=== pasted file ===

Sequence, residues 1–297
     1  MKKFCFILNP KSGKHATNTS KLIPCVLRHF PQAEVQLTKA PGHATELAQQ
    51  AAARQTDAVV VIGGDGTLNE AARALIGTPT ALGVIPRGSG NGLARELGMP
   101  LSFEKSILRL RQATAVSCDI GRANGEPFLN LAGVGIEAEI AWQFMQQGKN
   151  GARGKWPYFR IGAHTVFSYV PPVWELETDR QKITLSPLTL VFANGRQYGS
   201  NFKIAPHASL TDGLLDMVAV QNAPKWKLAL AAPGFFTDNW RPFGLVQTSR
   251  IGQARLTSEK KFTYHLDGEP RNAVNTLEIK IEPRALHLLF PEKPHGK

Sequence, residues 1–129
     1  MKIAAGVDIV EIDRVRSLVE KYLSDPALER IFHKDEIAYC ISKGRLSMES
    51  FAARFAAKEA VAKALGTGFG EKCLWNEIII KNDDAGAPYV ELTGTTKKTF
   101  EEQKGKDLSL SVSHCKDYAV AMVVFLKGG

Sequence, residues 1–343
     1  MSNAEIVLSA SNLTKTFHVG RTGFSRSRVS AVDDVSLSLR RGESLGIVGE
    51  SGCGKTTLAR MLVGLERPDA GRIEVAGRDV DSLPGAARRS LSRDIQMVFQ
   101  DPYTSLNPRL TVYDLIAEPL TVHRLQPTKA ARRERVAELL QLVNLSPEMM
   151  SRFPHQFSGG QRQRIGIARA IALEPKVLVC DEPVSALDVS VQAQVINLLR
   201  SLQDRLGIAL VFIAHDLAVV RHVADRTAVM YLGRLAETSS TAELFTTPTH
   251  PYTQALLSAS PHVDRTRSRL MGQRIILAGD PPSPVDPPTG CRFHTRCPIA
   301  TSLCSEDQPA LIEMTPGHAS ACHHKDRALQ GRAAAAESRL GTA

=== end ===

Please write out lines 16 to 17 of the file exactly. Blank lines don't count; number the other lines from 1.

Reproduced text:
   151  SRFPHQFSGG QRQRIGIARA IALEPKVLVC DEPVSALDVS VQAQVINLLR
   201  SLQDRLGIAL VFIAHDLAVV RHVADRTAVM YLGRLAETSS TAELFTTPTH